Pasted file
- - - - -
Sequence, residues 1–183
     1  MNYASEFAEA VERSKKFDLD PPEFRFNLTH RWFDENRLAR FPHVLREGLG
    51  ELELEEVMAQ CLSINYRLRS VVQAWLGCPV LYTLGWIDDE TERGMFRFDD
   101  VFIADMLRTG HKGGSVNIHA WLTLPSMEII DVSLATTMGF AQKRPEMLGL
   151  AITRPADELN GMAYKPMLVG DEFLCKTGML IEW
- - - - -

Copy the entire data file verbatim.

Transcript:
Sequence, residues 1–183
     1  MNYASEFAEA VERSKKFDLD PPEFRFNLTH RWFDENRLAR FPHVLREGLG
    51  ELELEEVMAQ CLSINYRLRS VVQAWLGCPV LYTLGWIDDE TERGMFRFDD
   101  VFIADMLRTG HKGGSVNIHA WLTLPSMEII DVSLATTMGF AQKRPEMLGL
   151  AITRPADELN GMAYKPMLVG DEFLCKTGML IEW